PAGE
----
On December 31, 2017, Section 702 of the Foreign Intelligence Surveillance Act that allows US spy organizations to track internet communications and content of American citizens, will automatically expire unless renewed by Congress.
Opponents of Section 702 claim that it is a gross violation of the Fourth Amendment, the law that protects citizens’ privacy and prevents “unreasonable searches and seizures” by the government. This camp demands that if FISA is not allowed to die, at the very least, it must be changed drastically to ensure that Americans do not have their rights routinely violated as a result of its reauthorization. What was enacted in an effort to collect intelligence on foreign threats, they say, is now being used to primarily target US citizens.
Supporters, including top cabinet members, have stated that the provision is vital for the government to maintain effective intelligence collection. Attorney General Jeff Sessions and Director of National Intelligence Dan Coats, for instance, sent a letter to Congress not too long ago supporting a “clean and permanent” reauthorization of the Foreign Intelligence Surveillance Act (FISA) before its expiration.
Similar sentiments have been heard from the US Intelligence Community. Agency heads, including those of the NSA, FBI, and the National Directorate of Intelligence, assert that any major reductions in the authority the provision grants would considerably undermine their intelligence gathering capabilities.
This back and forth can be seen as the latest in the now years old debate of government surveillance needs versus privacy considerations. While 9/11 produced sweeping legislation that granted great power to the intelligence apparatus such as the PATRIOT Act, revelations as to how regular Americans are affected by these laws, not the least of which being the famous leaks orchestrated by Edward Snowden in 2013, led to the introduction and ultimate passage of the USA FREEDOM Act in 2015. While the Act did reaffirm many aspects of PATRIOT, it dissolved its notorious bulk data collection of Americans’ phone records and Internet metadata used by organizations like the NSA to essentially spy on untold numbers of citizens.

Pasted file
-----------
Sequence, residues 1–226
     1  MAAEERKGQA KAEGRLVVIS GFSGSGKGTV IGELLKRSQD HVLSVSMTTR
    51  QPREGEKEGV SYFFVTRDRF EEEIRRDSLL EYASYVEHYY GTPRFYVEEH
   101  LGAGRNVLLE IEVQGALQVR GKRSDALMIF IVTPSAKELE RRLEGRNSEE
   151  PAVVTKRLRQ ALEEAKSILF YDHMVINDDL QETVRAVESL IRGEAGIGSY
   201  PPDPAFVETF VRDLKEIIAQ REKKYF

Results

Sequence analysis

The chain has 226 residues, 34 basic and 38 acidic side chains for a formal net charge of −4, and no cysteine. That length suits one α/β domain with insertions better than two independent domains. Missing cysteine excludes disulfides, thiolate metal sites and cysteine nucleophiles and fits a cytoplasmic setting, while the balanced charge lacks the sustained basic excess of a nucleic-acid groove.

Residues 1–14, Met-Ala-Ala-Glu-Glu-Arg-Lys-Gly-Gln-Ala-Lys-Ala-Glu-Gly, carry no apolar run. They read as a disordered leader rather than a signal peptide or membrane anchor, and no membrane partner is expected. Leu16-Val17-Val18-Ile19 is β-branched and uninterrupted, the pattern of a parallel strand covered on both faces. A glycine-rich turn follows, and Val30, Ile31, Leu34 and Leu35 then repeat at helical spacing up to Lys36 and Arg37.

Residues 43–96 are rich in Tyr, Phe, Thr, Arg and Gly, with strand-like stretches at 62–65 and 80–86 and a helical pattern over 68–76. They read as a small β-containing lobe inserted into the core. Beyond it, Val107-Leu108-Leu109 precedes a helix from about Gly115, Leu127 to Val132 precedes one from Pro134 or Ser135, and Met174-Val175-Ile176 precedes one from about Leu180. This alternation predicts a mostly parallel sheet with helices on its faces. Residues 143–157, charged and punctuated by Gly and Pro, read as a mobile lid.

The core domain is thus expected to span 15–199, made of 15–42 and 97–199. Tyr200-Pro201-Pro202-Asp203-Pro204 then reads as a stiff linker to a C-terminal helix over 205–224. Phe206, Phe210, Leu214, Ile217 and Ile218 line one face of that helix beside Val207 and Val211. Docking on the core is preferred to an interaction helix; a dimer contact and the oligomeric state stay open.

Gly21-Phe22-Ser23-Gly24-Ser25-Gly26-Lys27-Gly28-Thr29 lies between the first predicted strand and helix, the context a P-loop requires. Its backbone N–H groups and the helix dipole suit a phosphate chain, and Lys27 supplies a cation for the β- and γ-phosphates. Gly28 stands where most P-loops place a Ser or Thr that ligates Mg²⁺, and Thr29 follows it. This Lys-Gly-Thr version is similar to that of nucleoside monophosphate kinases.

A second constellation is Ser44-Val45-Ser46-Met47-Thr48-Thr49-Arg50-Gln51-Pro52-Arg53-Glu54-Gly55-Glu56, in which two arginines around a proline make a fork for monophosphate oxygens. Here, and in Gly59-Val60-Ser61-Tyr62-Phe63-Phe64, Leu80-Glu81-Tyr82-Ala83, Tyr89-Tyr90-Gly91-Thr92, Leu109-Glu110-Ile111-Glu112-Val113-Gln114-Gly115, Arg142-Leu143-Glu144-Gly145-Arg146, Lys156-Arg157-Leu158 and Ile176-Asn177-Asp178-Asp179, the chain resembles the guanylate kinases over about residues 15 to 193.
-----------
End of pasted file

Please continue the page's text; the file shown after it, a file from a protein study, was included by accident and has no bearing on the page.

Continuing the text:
Ironically, while Republicans are pushing hard to reinstate the FISA provisions, claims from President Trump that the Obama White House tapped his communications during his presidential campaign have the potential to undermine his own party’s push. This has not been the only shot against the Intelligence Community Trump and his supporters have taken. In July, supporters also accused federal agencies of unfairly targeting the President after reports that communications between him senior officials in his campaign were collected in the context of investigations into Russian interference in the election process. These facts have already been brought up by some observers and may, in fact, be a strong swaying element in influencing policymakers to reaffirm the FISA provisions or allowing them to dissolve.
Take the recent statement by Rep. Chris Stewart (R-Utah), who chairs the House Intelligence Committee’s defense subpanel: “It’s made it harder for us, there’s no doubt about it, if I’m a little conflicted on this, you can imagine what some of the folks are who kind of lean in that direction already. It’s going to make it harder for us.”
What the President is going to have to understand is that he can’t have it both ways. Either he will allow Republican policymakers to effectively push forward FISA for reaffirmation, or help opponents by strengthening the perception of surveillance laws as un-American.